Easier management with the HashiCorp Vault Identity System

Learn about HashiCorp Vault's Identity features—an integrated system for understanding the identity of a person or service across their logins and tokens, and using this information for policy and access-control decisions.

HashiCorp Vault’s Identity system is a powerful way to manage Vault users. It takes an abstract and agnostic view to the source of third-party identity information, but provides flexible ways to tie this information to Vault authorization grants. In this talk, Jeff will explain: - The design of the Vault Identity system - The power this system gives users - The design decisions, trade-offs, and features of the Idenity system - And the future roadmapped features of Vault that will build on this Identity system, including the long-awaited Namespaces feature. All of these features are driving toward the eventual ability to delegate administration of Vault to less technical users.


  • Jeff Mitchell
    Jeff MitchellEngineering Manager, HashiCorp


Thanks. Hi there. Hi everyone. Really happy to be here. I wanted to talk today about something I think most people here, even if they are Vault users, don't know about and that's why the subtitle of this talk is "What and Why." Because there are a lot of things we build into Vault and it seems like there's about a year lag before people actually start to really use them. And Vault's identity system is one of those things. It's been around for a bit. It's actually used for some things right now, but most people don't even know that it exists.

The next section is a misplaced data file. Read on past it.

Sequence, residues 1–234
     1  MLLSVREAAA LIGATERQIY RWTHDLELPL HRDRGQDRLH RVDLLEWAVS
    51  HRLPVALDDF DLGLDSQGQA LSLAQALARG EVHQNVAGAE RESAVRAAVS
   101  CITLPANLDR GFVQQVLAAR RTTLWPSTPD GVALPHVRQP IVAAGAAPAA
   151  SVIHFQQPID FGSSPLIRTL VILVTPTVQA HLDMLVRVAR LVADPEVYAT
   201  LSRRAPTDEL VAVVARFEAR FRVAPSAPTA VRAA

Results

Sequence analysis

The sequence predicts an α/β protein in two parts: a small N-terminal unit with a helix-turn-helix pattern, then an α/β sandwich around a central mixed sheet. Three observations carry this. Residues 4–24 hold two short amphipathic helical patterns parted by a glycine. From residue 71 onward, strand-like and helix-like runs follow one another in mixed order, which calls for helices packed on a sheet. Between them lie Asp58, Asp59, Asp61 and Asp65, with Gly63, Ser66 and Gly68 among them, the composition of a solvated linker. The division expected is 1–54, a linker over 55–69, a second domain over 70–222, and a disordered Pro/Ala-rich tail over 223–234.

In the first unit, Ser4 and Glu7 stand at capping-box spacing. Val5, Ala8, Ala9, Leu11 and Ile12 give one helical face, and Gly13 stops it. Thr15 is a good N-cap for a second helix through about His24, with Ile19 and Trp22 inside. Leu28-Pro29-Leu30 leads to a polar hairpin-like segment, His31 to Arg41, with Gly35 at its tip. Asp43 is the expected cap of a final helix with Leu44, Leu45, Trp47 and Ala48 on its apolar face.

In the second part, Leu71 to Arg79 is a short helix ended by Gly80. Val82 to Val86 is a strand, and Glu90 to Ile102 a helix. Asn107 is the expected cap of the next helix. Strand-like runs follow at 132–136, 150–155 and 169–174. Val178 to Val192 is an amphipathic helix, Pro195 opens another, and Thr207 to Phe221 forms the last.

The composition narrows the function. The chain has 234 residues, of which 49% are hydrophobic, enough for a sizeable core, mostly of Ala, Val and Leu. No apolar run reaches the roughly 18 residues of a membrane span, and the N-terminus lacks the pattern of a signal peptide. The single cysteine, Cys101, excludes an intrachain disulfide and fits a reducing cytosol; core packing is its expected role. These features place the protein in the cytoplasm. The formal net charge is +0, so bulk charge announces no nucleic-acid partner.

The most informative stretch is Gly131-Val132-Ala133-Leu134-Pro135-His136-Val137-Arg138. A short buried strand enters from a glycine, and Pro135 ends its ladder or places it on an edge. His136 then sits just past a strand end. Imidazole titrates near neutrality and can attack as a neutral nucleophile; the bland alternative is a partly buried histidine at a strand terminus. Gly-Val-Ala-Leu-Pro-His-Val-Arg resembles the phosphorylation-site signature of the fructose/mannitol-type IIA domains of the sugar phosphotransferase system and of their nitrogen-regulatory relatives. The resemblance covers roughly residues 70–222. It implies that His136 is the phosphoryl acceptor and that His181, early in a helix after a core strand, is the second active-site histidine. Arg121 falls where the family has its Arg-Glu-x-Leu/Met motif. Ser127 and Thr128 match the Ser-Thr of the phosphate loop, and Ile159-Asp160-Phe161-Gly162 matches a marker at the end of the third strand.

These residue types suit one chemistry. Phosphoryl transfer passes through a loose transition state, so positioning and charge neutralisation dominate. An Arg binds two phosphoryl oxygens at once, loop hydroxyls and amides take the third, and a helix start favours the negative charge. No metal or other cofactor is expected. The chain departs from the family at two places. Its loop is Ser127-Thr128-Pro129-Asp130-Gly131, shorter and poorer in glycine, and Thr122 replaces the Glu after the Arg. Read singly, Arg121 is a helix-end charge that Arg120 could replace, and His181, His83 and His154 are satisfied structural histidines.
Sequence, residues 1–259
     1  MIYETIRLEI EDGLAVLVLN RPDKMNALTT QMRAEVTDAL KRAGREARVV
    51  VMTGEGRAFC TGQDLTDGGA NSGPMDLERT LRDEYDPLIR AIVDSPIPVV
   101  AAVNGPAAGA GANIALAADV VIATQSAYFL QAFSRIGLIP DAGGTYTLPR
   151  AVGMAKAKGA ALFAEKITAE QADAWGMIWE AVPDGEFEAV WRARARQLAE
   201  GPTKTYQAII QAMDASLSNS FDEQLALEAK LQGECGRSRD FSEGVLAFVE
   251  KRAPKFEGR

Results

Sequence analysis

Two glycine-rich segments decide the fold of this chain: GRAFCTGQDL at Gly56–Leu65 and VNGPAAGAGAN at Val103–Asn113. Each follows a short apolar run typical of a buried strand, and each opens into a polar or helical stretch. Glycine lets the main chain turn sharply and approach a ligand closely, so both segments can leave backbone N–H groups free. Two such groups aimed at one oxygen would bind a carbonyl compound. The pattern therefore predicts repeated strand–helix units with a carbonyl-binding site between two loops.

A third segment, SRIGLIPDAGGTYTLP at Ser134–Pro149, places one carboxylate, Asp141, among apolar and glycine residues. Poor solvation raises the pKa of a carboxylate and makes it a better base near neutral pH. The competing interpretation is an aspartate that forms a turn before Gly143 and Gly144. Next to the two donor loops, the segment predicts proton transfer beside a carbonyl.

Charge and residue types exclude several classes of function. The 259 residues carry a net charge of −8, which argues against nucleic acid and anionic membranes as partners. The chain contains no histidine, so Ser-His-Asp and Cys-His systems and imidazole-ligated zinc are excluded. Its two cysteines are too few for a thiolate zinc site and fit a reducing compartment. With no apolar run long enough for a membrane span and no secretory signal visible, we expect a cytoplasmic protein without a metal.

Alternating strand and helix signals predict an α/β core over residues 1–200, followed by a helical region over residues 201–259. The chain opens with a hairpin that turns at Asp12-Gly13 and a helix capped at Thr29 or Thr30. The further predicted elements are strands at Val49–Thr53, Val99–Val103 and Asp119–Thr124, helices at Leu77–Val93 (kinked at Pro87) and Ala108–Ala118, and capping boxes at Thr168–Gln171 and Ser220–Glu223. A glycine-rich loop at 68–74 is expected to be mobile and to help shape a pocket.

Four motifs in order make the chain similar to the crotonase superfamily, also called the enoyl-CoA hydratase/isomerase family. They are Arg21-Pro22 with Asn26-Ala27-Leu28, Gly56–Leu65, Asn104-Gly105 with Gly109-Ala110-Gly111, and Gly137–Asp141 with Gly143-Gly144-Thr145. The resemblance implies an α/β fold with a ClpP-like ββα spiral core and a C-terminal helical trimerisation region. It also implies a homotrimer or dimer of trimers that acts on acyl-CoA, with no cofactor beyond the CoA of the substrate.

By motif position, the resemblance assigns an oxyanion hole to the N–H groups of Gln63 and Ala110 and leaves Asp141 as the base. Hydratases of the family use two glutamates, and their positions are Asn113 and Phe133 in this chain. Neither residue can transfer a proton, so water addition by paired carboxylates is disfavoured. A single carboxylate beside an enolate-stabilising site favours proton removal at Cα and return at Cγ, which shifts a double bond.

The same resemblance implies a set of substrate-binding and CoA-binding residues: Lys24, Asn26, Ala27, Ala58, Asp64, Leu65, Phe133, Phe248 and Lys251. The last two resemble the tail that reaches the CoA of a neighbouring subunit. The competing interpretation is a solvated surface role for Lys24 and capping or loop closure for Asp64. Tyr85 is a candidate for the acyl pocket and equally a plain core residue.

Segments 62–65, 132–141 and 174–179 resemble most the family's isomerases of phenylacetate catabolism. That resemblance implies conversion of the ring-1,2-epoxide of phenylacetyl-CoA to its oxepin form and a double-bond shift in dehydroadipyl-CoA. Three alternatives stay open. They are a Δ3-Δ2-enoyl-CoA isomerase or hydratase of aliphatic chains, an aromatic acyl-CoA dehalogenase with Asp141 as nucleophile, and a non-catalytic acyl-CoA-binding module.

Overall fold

Alright, first. What? Or what? So let me get super meta here for just a moment. What does identity mean to you, right? What is identity? Who are you? What do you do? What tribes do you belong to? Right, tribes, things like are you a university alumnus? Are you fluent in Dutch? Are you a contributor to Vault? Do you play rugby? Or it might be—are you a web server? Are you a database admin? A sys op? Are you a full time employee or a contractor, right? So, you have lots of tribes you belong to that we identify.

And really all this comes down to is, who are you? That's what those questions really all answer. You are kind of the sum collection of your parts. So, a random set of bytes is not who you are. You are a person. You're a machine. You're a service. You're not just your Vault token.

And in the real world, we categorize all the time. We organize and tag things. What's your role, your type, your function? What are your tribes? And we're good at it. We have things like database tables and they're relational. We can map between things. We have directory services like LDAP and Active Directory and all that kind of fun stuff. And that's all there to help us make sense of the people that we are and the people that are around us and the machines around us and all those kinds of things.